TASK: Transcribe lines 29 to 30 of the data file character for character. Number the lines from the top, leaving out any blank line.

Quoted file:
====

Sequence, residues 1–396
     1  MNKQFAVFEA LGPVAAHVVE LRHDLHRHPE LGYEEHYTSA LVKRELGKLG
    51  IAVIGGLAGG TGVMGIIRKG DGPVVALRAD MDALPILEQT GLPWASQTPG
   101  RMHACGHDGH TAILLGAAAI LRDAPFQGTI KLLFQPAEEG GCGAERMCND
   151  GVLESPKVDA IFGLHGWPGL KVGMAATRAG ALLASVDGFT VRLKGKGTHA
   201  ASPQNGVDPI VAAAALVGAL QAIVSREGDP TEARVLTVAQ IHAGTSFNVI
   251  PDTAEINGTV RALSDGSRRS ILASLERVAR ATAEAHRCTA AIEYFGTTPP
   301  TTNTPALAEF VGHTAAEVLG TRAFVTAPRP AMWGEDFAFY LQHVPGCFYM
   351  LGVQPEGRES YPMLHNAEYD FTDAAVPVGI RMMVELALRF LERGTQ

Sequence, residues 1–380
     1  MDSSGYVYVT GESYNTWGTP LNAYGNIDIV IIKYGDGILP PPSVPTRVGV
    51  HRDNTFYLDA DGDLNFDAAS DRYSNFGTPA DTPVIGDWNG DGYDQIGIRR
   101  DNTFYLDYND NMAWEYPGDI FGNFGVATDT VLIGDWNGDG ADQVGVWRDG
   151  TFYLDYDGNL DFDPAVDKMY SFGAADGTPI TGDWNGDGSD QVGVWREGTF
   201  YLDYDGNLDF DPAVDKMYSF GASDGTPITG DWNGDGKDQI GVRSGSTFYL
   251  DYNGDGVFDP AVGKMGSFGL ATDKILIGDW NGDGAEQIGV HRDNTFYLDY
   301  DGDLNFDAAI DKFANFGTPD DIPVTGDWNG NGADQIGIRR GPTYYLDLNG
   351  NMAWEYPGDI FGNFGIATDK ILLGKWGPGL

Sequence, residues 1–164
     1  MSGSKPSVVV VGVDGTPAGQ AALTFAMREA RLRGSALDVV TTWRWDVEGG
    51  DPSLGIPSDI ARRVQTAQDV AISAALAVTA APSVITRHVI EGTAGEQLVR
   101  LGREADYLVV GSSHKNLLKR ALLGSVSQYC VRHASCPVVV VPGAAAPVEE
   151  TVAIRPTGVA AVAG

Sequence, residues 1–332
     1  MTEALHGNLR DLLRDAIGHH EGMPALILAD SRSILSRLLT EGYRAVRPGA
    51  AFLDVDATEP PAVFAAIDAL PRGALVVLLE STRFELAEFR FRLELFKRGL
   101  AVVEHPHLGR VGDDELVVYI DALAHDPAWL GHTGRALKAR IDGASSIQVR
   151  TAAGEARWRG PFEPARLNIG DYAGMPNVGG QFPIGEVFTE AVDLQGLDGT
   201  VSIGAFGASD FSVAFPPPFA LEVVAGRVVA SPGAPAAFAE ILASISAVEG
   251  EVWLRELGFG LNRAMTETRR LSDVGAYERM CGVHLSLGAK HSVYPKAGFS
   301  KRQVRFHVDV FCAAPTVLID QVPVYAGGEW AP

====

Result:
   201  VSIGAFGASD FSVAFPPPFA LEVVAGRVVA SPGAPAAFAE ILASISAVEG
   251  EVWLRELGFG LNRAMTETRR LSDVGAYERM CGVHLSLGAK HSVYPKAGFS